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Cuba: U.S. embargo causes $1 trillion in losses

<p style="text-align: justify;">By Portia Siegelbaum.September 14, 2011 1:50 PM. Cuba blames the U.S. embargo for nearly a trillion dollars in losses to the island's economy since it was imposed by President Kennedy in 1962. Vice Foreign Minister Abelardo Moreno said that at current prices a conservative estimate of economic damages to the island up until December 2010 would be more than $104 billion. However, he added, if you take into consideration the extreme devaluation of the dollar against the price of gold on the international financial market during 2010, they would add up to nearly a trillion dollars. Read More

Richardson says won't see jailed American in Cuba

<p style="text-align: justify;">AP. By PAUL HAVEN. HAVANA (AP) — Former New Mexico Gov. Bill Richardson said Tuesday that he would leave Cuba after exhausting all possible avenues to try to win the release of a U.S. government subcontractor sentenced to 15 years in prison for crimes against the state. Richardson, who previously vowed to remain on the island until he at least got to see jailed Maryland native Alan Gross, said he changed his mind after meetings with the Cuban government and other influential groups failed to yield any results. He said he would leave Wednesday. Read More

Cuba: Standoff at Havana church as dangerous as Waco

<p style="text-align: justify;">By: Portia Siegelbaum . A top Cuban church official told CBS News the situation created by a Pentecostal pastor who has barricaded himself along with an unspecified number of followers in his former Havana church is "as dangerous as Waco," the 1993 FBI siege and assault on the "Branch Davidian" sect in Texas. The Cuban government on Sunday issued a statement on what it called "the unusual situation" in the Pentecostal Church in Centro Habana. The statement said more than 60 people, including 19 children and four pregnant women, were voluntarily locked in the building on a "spiritual retreat." Read More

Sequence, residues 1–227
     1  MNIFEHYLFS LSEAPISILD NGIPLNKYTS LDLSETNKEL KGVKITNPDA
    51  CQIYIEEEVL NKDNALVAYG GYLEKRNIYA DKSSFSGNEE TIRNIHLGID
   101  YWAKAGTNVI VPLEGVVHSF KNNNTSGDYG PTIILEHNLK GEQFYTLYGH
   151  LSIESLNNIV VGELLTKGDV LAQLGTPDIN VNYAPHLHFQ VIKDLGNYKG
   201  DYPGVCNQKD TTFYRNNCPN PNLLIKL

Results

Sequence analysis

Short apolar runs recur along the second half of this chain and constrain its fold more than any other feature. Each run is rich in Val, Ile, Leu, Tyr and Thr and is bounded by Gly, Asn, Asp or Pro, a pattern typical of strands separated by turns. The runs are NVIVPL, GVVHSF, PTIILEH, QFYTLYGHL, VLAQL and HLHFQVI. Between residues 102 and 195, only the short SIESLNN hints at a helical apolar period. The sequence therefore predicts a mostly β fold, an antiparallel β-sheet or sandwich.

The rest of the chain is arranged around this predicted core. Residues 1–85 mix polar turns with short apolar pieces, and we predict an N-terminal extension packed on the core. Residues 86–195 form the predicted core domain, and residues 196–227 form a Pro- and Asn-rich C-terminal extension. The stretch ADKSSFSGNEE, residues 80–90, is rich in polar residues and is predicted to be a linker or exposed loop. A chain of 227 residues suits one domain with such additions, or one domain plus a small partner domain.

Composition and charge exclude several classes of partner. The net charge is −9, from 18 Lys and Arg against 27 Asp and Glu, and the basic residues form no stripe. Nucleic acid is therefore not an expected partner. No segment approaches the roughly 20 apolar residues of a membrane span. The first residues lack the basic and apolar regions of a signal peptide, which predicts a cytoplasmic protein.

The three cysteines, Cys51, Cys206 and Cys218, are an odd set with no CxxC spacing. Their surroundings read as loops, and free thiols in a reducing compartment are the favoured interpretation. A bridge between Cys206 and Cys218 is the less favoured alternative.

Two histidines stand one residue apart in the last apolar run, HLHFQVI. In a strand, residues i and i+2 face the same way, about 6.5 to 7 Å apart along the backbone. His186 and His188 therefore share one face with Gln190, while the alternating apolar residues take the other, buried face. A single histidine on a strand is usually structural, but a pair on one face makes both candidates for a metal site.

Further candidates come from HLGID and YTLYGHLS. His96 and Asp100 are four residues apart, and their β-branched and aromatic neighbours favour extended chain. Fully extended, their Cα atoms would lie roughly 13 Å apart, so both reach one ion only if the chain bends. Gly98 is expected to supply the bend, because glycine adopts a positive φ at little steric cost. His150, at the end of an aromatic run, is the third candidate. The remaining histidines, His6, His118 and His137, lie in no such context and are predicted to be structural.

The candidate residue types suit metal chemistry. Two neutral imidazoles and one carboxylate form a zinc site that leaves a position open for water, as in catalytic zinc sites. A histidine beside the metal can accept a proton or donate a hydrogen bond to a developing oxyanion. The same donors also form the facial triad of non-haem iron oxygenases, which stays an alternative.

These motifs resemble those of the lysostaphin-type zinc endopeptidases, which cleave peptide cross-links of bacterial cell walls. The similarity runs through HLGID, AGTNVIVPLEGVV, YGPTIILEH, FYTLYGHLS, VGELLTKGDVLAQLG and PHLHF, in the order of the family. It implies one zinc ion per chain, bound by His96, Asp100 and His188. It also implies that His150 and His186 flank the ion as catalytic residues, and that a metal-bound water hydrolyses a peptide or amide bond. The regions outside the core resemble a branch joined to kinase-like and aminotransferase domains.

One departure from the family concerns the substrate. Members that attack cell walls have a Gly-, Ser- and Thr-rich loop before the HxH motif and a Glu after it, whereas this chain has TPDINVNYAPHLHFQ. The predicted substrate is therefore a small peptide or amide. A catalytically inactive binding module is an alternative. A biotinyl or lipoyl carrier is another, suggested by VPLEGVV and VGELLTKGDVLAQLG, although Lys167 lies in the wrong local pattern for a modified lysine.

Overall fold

Cuba travel set to take off as flight options expand

<p style="text-align: justify;">Sunday, 09.11.11. Mimi Whitefield. MiamiHerald.com. Miami is no longer the only show in town when it comes to Cuba travel. Charter firms have been authorized to offer service from airports around the country, including Fort Lauderdale and Tampa. Vivian Mannerud has been in the business of arranging air charters to Cuba long enough to have seen it all — from the passengers who wear several hats on their heads to avoid extra baggage fees to the woman who stuffed sausages in her curlers. The grease running down her face was a giveaway. Read More

While Cuba exists, Bola de Nieve will exist

<p style="text-align: justify;">By: Susana Méndez.&nbsp; CUBARTE | 11 de Septiembre 2011. A wide program of cultural and artistic actions will take place to celebrate the Hundred years of Ignacio Villa, Bola de Nieve. The program has been designed by the Association of of Cuban Artists and Writers (UNEAC, after its initials in Spanish). Therefore, it was held a meeting with the press, chaired over by the president of the institution Miguel Barnet. In the meeting were also present Guido López Gavilán, president of the music section of UNEAC, Nisia Agüero, famous cultural promoter, Heriberto Feraudy representative of the Aponte Commission and the pianist Nelson Camacho, who for many years have played the music of Ignacio Villa. Read More